3. A VA Loan Can Be Used to Purchase a Rental Property
Yes, a VA Loan can be used to purchase an income-producing property. However, there is a caveat: the property must also be your primary residence. As a result, you must purchase a duplex, triplex, or quadplex - it doesn't matter as long as you live there too! Also, the VA loan limits are higher for multi-unit properties.
Many service members buy multi-unit properties using a VA Loan, and then rent from the other units covers their mortgage, expenses, and generates income. Pretty cool, right? Absolutely, especially with no down payment!
4. VA Loans Can Be Used to Purchase Foreclosures and Short Sales
A common misconception is that VA Loans cannot be used to buy foreclosed homes or short sales. Indeed, some homes that have been foreclosed or listed as short sales are in poor condition and therefore don't meet the requirements of a VA Loan (such as the home's roof must have 5 years remaining of serviceable life).
However, not all foreclosures or short sales are in poor condition, and as long as the home condition requirements of a VA Loan are met, a VA Loan can be used to purchase a foreclosure or short sale.
Bottom line, use of a VA Loan is not tied to the property's status; instead, use of a VA Loan is tied to the condition of the home.
5. The VA Loan Funding Fee Can Be Waived
In general, the VA Loan does charge a funding fee, which is 2.3% of the home's purchase price for first use of the VA Loan. This funding fee is rolled into the life of loan and spread out in payments over 30 years. In other words, it is not an upfront closing cost.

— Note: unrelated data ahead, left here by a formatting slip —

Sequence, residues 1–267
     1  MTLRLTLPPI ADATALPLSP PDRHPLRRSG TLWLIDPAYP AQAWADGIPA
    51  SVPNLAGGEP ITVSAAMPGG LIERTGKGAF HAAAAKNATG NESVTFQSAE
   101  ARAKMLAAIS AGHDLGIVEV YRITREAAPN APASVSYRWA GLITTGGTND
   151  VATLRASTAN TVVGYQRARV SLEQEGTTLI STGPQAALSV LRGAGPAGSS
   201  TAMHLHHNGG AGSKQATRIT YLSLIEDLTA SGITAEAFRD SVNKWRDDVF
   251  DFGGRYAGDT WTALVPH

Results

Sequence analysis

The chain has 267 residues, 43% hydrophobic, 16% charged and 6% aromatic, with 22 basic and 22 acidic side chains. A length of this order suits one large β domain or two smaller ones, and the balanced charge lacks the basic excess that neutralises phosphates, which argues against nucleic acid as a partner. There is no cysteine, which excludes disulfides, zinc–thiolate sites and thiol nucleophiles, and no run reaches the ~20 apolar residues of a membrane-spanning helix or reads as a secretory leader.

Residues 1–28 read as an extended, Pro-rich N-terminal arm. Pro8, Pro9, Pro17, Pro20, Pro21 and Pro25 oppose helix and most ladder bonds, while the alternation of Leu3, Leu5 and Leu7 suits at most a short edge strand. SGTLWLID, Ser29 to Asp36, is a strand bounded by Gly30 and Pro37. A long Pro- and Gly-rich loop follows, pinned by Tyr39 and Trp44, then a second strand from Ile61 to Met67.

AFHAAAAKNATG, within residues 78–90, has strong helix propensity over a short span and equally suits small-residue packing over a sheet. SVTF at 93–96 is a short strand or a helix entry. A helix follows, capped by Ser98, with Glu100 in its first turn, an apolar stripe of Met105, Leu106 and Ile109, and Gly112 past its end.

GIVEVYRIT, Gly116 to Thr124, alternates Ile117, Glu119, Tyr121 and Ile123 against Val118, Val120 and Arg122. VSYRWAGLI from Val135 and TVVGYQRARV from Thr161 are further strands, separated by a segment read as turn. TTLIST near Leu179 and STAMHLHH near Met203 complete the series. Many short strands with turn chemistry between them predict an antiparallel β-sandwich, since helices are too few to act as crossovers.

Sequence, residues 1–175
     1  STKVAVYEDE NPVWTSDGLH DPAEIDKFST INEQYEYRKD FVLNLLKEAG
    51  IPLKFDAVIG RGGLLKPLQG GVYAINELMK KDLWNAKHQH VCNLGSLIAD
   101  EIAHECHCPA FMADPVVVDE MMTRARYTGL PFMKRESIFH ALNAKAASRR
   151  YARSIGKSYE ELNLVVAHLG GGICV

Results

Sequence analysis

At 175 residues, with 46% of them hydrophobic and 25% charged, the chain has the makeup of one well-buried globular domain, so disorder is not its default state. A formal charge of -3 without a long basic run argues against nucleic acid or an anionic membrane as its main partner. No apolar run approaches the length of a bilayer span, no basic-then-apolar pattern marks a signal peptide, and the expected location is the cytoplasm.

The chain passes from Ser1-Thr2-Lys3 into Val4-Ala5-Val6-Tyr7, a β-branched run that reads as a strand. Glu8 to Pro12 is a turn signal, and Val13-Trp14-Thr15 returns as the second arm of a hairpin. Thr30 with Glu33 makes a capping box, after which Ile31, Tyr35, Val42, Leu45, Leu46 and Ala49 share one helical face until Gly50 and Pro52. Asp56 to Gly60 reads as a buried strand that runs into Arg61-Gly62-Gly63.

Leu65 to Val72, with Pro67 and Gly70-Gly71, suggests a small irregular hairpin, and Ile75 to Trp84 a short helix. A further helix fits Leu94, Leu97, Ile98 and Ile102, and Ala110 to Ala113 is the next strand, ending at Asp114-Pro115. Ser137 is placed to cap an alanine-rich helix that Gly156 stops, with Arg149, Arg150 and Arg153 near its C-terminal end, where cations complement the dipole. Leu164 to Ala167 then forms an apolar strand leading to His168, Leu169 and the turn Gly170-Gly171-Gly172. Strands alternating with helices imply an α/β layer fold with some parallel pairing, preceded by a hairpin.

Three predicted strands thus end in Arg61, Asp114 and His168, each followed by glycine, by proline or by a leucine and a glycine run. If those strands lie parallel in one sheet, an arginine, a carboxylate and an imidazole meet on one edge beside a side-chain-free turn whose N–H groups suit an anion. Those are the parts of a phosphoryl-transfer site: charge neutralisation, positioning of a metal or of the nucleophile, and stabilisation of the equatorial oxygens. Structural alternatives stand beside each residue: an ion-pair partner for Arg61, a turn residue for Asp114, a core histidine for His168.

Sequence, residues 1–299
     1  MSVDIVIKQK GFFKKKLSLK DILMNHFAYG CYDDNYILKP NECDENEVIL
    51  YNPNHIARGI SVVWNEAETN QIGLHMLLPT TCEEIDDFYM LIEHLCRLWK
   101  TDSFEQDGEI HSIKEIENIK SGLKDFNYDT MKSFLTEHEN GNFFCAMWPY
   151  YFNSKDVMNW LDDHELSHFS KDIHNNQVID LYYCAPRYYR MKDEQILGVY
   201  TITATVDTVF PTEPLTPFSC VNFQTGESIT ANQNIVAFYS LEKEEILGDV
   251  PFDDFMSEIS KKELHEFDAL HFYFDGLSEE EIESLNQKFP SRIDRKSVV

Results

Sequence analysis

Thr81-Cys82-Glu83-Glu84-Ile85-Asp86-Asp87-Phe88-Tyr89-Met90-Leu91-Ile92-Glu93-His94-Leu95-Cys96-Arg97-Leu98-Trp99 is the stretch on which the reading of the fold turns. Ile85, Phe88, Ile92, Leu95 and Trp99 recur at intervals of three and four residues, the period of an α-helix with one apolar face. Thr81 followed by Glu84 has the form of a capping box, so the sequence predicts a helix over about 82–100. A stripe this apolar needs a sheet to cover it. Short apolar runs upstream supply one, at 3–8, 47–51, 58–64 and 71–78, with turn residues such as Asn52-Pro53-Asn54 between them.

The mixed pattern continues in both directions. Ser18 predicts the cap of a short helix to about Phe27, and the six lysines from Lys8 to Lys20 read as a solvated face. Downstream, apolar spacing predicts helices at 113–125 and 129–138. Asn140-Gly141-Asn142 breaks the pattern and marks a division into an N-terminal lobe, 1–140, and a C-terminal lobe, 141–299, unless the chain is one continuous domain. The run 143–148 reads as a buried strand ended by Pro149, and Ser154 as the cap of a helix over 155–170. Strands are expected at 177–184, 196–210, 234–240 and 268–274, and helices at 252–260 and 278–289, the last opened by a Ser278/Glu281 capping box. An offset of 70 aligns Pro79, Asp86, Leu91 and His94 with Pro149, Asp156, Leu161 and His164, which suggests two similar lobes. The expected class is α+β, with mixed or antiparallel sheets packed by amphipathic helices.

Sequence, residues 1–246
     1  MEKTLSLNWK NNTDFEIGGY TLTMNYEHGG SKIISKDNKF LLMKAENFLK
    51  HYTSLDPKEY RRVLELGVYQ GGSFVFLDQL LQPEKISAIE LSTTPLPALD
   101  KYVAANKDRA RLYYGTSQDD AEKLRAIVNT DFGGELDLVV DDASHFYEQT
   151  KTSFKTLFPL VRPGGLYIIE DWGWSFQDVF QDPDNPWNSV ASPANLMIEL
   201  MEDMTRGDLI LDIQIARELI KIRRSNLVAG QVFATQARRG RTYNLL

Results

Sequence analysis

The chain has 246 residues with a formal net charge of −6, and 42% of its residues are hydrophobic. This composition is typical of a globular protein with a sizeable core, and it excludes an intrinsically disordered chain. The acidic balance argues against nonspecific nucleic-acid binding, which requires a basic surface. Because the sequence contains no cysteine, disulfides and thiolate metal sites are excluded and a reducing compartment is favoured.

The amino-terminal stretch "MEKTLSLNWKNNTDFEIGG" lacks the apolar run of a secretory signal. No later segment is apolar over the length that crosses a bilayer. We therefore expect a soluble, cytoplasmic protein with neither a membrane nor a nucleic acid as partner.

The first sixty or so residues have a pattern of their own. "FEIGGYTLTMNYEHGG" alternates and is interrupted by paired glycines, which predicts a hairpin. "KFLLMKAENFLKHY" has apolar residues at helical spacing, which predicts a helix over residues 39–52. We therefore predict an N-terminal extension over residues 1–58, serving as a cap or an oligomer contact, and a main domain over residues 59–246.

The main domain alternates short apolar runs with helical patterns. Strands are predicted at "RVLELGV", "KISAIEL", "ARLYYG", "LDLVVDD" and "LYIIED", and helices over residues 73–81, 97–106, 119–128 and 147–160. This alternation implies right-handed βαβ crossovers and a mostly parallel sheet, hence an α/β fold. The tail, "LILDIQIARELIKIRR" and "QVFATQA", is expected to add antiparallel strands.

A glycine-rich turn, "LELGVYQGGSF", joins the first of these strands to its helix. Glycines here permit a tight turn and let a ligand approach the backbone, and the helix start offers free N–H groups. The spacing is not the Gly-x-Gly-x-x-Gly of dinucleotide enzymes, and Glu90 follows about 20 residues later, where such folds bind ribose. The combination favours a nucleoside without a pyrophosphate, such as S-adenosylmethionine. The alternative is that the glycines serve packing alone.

However, the VA Loan funding fee can be waived for any veteran receiving any amount of compensation for a service-related disability. In other words, a veteran who is rated 10% disabled by the VA (lowest compensation amount) can have the VA funding fee waived. What an awesome benefit for those who paid a significant price!
The Bottom Line
Without question, the VA Loan benefit is an outstanding financing vehicle for those who are serving and those who have served. There has never been a better time to use your VA Loan benefits!
If you are thinking of buying a home in Jacksonville and using a VA Loan, we have helped many buyers use this fantastic benefit to buy the home of their dreams. As a Navy veteran and realtor as well as veteran's spouse, it's important to us to continue to serve by ensuring our clients are educated on all aspects of VA Loans. Give us a call at (904) 479-8785!
ABOUT THE AUTHOR:
Rob Hastings is a top-producing real estate agent in Jacksonville, Florida and helps buyers, sellers, and investors of homes and property throughout all of Northeast Florida. He works with his wife Nancy as a husband-and wife-team with Keller Williams Realty Atlantic Partners. When not helping his clients navigate the real estate process, Rob enjoys working on old Corvettes and playing music (guitar and piano). A U.S. Naval Academy graduate and former Naval Officer, he also loves boating and simply spending time on the water.